Adviser To Afghan President Killed In Attack
STEVE INSKEEP, host:
Another close associate of Afghanistan's President Hamid Karzai was killed over the weekend. It happened last night in the capital city Kabul. Even the politicians with their security guards are not safe in Afghanistan right now. NPR's Quil Lawrence is following the story.
QUIL LAWRENCE: Hello, Steve.
INSKEEP: The man's name was Jan Mohammed Khan. He's been Karzai's ally for many years. How was he killed?
LAWRENCE: A team of gunmen. First it was reported they were suicide bombers. But now it appears in the details that've been trickling out this morning that they were just gunmen who stormed his house in West Kabul. There was a shootout with police that took all night into the early morning. And at the end of it, Jan Mohammed Khan, the former provincial governor of Uruzgan and an Afghan parliamentarian from Uruzgan were dead.
INSKEEP: Uruzgan, that's a province in the central part of the country where he'd been a dominant figure.
When you say a shootout with police that took all night, does that mean it took a while for the attackers to fight their way into his house and they had that time to do it?
LAWRENCE: It was more like they got in and then the police were fighting with one of the surviving gunmen for many hours this morning. A lot of politicians live in that area. It's near the parliament. It had been considered relatively safe. But with most of the places in Kabul that had been considered relatively safe, we've seen that that Taliban insurgents who are claiming credit for this attack are able to penetrate those areas as well.
INSKEEP: And we should mention that this is the second Karzai associate to be killed in about a week. Last week, President Karzai's half-brother Ahmad Wali Karzai was killed in the southern city of Kandahar. Is there any link between these two cases?
LAWRENCE: Well, the Taliban are claiming to have killed both men. Although there's a lot more doubt that they might've killed Ahmad Wali Karzai, the president's half-brother. He was assassinated by a close family friend.
But both men had a reputation for large scale corruption. Jan Mohammed Khan, the former governor, had been removed from that post in 2006 when international troops essentially insisted that they couldn't do their job with such corruption in the governor's office.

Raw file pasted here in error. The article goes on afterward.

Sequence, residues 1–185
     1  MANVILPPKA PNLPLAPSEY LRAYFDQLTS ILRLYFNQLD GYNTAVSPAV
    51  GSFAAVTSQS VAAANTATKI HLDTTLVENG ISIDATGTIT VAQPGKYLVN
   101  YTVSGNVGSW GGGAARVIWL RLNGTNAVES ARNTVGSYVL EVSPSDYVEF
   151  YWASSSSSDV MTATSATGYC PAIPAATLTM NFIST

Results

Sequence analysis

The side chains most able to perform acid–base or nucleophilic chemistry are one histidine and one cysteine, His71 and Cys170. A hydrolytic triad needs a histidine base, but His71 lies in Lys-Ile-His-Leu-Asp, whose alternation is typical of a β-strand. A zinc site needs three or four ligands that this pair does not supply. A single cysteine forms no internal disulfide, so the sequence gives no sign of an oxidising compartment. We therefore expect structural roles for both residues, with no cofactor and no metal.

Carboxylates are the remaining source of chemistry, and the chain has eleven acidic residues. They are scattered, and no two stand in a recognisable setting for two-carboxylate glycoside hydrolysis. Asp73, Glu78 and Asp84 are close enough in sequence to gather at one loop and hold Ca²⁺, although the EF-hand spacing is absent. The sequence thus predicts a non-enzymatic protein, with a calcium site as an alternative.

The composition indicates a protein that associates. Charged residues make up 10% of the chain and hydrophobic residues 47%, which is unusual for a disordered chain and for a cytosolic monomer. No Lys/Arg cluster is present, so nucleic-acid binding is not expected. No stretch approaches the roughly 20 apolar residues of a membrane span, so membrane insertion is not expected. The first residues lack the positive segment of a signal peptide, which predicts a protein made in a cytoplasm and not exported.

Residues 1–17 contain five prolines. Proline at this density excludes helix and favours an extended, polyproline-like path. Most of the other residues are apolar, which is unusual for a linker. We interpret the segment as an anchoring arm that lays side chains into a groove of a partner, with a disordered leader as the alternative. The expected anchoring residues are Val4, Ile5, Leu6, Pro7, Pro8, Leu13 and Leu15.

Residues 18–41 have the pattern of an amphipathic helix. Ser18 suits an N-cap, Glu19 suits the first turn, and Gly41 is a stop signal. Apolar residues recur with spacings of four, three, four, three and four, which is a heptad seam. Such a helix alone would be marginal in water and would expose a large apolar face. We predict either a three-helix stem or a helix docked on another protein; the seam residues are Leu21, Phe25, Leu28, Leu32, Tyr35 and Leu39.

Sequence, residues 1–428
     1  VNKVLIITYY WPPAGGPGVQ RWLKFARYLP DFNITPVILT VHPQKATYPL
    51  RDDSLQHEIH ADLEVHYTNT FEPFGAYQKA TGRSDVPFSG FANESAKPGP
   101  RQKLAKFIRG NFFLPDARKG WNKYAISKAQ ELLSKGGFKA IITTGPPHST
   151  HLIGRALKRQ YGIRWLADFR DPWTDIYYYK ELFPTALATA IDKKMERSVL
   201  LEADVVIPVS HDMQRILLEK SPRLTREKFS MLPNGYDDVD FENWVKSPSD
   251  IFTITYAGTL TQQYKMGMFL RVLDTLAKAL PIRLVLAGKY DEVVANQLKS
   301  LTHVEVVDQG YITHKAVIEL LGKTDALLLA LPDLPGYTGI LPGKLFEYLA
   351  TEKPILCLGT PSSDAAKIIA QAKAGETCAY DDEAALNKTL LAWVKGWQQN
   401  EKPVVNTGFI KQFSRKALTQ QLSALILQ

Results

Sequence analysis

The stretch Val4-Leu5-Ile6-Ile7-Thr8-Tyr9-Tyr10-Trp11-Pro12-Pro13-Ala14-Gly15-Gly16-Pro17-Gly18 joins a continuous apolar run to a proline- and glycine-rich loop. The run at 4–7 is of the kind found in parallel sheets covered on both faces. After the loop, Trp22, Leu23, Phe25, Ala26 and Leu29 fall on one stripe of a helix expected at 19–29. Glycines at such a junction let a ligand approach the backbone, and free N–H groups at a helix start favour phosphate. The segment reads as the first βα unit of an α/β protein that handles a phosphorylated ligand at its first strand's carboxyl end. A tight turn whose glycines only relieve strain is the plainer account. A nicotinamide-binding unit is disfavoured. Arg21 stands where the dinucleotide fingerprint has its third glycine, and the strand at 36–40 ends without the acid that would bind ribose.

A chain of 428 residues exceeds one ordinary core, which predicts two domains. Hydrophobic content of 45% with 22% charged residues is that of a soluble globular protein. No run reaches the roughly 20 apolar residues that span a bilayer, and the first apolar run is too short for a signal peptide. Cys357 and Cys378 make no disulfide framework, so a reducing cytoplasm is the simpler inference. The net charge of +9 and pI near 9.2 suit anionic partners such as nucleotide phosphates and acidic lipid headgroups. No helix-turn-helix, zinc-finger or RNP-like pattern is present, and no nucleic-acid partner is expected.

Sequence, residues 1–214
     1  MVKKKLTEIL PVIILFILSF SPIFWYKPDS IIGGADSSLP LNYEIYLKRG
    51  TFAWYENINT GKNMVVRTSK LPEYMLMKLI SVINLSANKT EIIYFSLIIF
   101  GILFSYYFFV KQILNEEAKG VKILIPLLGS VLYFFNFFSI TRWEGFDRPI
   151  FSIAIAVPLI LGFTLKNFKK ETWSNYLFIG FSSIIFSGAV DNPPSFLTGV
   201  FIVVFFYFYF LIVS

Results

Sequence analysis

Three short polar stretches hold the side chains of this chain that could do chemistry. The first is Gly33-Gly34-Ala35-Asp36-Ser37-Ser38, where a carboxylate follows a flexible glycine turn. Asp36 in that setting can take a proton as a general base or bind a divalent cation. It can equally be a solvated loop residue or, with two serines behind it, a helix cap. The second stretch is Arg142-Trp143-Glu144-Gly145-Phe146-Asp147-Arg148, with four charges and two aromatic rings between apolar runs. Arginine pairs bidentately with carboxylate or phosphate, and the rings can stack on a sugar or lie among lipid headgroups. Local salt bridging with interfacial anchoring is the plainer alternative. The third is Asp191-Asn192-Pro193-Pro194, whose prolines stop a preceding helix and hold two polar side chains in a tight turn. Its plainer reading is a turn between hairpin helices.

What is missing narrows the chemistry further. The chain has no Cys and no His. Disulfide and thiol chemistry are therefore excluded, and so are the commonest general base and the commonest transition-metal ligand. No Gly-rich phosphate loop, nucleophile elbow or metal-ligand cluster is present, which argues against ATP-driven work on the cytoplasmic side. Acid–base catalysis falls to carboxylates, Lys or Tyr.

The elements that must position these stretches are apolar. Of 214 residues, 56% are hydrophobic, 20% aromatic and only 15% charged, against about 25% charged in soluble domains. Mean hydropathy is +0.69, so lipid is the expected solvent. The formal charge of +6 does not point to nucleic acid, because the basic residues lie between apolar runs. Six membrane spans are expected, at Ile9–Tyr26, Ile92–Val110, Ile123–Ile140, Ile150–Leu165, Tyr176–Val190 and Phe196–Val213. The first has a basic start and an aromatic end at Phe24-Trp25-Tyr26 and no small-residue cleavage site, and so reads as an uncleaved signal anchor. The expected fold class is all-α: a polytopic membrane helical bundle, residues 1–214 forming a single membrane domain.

The Taliban also claimed the Khan was helping American Special Forces pick targets for night raids, which are especially unpopular in ethnic Pashtun parts of the country like Uruzgan.
But as with Ahmad Wali Karzai, the president's half brother, you have the president mourning a close ally and perhaps U.S. commanders saying that they've lost a strategic partner, but you have many, many Afghan civilians who are frankly not terribly sad to see the departure of a politician that they consider to be corrupt and predatory.
INSKEEP: Which suggests the multiple motives that might lie behind the attacks. But what does it say about security in Afghanistan, that even the guys on top, the guys who have security, cannot remain secure.
LAWRENCE: American commanders here talk about the gains that they've made in pushing the Taliban out of key areas in the country. They say, though, as a result the insurgents are going after softer targets - civilians who are in any way connected with the government. But, as you can see, these targets aren't so soft.
We still don't know, as I said, about the president's brother. But the Taliban have been able to target people like Mr. Khan last night who lived in a heavily fortified compound. At the end of May, a suicide bomber killed the head of police for all of northern Afghanistan - General Mohammad Daud.
So the Taliban are successfully hitting the most protected places and individuals in the country. And their target list seems to consist of people who've opposed the Taliban in the past. Mr. Khan, who was killed last night, was imprisoned for several years under Taliban rule. And maybe the Taliban are perhaps targeting people who they fear could be effective commanders against them in a conflict to control Afghanistan after U.S. forces leave.
INSKEEP: NPR's Quil Lawrence reporting today from Mazar-e-Sharif in northern Afghanistan.
Quil, thanks very much.
LAWRENCE: Thank you, Steve.
INSKEEP: This is NPR News.
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